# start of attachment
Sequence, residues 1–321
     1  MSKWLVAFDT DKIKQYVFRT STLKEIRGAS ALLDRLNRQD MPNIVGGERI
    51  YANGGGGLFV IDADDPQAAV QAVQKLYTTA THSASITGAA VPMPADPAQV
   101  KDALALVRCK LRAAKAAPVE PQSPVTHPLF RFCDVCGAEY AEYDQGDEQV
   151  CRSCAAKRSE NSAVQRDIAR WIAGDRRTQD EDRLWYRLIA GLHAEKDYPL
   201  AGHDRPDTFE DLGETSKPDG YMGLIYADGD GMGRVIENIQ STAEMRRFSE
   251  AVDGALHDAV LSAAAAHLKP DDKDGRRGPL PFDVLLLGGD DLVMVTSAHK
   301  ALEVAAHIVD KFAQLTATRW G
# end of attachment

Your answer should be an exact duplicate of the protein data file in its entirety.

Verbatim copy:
Sequence, residues 1–321
     1  MSKWLVAFDT DKIKQYVFRT STLKEIRGAS ALLDRLNRQD MPNIVGGERI
    51  YANGGGGLFV IDADDPQAAV QAVQKLYTTA THSASITGAA VPMPADPAQV
   101  KDALALVRCK LRAAKAAPVE PQSPVTHPLF RFCDVCGAEY AEYDQGDEQV
   151  CRSCAAKRSE NSAVQRDIAR WIAGDRRTQD EDRLWYRLIA GLHAEKDYPL
   201  AGHDRPDTFE DLGETSKPDG YMGLIYADGD GMGRVIENIQ STAEMRRFSE
   251  AVDGALHDAV LSAAAAHLKP DDKDGRRGPL PFDVLLLGGD DLVMVTSAHK
   301  ALEVAAHIVD KFAQLTATRW G